New York COVID hospitalizations down, says Gov. Kathy Hochul



Gov. Kathy Hochul declared Friday that New York was “turning the corner” in the battle against COVID-19 — with hospitalizations now starting to decline amid the Omicron-fueled surge.

The number of COVID-19 hospitalizations in the Empire State was at 12,207 on Thursday after dropping for two consecutive days, the latest state data shows.

The recent spike in cases is also now trending downward with 49,027 new infections recorded Thursday — down from the record high of more than 90,000 just one week ago.

The 16.3 percent positivity rate has steadily dropped from the peak 23.17 percent on Jan. 3.

Despite hailing the “long awaited, much anticipated decline” in hospitalizations and infections across New York state, Gov. Hochul warned “this is no time to spike the football.”

Gov. Kathy Hochul
Gov. Kathy Hochul says New York is “turning the corner” as hospitalizations decline amid the Omicron surge.

“We still need to remain vigilant,” she said during a press briefing in Albany.

“So let’s continue to use the tools we know will help stop the spread and keep ourselves safe: get the vaccine, get the booster, wear a mask, and stay home if you’re feeling sick.”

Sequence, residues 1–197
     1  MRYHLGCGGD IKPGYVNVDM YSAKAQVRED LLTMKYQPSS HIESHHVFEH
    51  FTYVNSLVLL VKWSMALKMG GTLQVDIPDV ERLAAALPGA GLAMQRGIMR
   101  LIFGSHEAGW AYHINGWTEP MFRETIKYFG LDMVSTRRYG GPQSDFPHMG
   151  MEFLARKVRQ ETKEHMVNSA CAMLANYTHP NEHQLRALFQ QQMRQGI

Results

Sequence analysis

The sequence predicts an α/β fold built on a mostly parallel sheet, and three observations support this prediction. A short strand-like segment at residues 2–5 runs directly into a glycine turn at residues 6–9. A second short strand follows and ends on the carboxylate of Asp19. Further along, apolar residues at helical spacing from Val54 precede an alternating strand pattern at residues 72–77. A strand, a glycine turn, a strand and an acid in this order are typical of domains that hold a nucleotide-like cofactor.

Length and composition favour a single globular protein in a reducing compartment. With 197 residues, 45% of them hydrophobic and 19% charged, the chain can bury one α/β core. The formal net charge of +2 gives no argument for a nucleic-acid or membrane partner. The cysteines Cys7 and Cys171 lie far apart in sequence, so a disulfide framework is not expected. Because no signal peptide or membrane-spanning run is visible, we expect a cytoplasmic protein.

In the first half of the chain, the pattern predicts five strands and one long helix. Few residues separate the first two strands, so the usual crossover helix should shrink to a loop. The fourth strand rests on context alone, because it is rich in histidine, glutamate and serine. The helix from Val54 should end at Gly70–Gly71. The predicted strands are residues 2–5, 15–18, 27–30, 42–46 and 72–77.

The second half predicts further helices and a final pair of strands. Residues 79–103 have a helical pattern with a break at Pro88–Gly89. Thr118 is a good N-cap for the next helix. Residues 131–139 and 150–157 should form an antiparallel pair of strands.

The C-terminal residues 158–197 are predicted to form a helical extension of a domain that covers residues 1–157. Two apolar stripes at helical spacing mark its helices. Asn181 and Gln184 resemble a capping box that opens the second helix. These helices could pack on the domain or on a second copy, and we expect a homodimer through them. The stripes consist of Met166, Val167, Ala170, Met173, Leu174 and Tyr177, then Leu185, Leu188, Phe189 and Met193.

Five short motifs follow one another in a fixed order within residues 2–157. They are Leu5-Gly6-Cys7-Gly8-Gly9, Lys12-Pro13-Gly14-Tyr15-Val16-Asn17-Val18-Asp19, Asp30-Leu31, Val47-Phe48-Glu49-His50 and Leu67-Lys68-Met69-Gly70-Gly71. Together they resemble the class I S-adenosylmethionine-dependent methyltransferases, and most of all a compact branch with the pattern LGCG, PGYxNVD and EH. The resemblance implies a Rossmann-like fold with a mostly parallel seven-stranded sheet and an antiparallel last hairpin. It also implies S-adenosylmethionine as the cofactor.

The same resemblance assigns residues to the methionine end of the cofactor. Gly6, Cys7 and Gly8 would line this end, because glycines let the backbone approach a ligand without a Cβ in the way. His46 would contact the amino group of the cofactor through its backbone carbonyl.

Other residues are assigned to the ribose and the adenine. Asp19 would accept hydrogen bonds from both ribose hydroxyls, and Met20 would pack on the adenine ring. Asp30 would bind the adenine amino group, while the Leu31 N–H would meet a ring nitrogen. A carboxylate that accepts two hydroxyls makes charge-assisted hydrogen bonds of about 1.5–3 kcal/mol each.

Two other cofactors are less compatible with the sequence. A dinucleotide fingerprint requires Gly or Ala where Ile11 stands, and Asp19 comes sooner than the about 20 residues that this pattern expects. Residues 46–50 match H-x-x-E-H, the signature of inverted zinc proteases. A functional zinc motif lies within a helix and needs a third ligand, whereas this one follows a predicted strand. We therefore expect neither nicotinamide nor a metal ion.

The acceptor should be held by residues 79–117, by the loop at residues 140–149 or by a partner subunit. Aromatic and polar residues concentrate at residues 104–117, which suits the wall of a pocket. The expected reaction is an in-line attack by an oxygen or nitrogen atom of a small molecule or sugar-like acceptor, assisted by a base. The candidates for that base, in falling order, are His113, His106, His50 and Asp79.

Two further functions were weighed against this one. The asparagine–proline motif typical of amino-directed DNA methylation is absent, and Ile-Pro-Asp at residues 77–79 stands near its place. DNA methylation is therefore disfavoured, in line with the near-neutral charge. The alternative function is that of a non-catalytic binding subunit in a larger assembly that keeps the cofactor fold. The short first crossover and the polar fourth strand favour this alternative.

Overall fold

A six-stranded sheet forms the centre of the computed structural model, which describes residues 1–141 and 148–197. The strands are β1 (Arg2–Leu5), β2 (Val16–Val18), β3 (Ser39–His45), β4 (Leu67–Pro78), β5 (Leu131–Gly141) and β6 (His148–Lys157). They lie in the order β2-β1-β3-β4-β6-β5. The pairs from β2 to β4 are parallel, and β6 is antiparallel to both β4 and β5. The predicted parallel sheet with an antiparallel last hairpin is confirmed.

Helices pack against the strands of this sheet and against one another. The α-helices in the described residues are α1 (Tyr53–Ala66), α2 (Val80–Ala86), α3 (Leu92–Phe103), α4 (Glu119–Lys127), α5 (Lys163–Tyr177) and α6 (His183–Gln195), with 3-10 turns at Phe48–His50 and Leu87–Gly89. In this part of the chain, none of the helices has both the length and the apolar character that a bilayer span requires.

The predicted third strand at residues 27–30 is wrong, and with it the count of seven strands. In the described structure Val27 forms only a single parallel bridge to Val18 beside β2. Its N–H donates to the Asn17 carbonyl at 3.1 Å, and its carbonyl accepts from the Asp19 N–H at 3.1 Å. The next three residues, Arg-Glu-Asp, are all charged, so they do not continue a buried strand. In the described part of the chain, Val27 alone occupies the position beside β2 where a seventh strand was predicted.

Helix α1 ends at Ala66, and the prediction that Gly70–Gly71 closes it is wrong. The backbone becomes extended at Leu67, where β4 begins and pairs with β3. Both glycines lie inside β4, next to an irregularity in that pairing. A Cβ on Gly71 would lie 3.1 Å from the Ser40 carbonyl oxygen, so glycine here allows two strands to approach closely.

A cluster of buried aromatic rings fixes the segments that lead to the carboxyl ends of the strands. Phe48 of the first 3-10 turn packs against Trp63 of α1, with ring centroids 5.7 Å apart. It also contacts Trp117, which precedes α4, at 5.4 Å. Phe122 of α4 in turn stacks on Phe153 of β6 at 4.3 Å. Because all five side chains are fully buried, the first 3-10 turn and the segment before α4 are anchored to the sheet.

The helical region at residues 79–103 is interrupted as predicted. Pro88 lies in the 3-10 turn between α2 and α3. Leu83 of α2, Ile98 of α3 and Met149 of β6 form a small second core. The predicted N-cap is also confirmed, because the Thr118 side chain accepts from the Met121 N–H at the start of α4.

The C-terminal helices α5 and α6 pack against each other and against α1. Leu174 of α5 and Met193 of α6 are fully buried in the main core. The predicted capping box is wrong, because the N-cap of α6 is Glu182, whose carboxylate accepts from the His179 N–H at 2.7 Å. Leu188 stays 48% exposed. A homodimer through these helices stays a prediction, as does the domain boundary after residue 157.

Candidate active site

She added: “There will come a time when it is all over. We are not there yet. But boy, it is on the horizon, and we’ve waited a long time for that.”

There were 195 deaths recorded Thursday, which was up slightly from the 177 recorded a day earlier.

More than 62,800 New Yorkers have died of COVID throughout the pandemic, state data shows.

COVID graph
There were 49,027 new cases and 12,207 COVID hospitalizations recorded Thursday, both down from last week.
COVID graph
COVID positivity rates are heading down, but Hochul said NYers should still “remain vigilant.”

Gov. Hochul said deaths, which are a lagging indicator, would likely soon follow the downward trend seen in hospitalizations and cases.

Given the declining data, Hochul said she was eager to eliminate indoor mask mandates when the Omicron variant no longer poses a threat.

She called the mask mandate as a “short term” necessity, adding that she wants to “make people feel liberated” as soon as possible.



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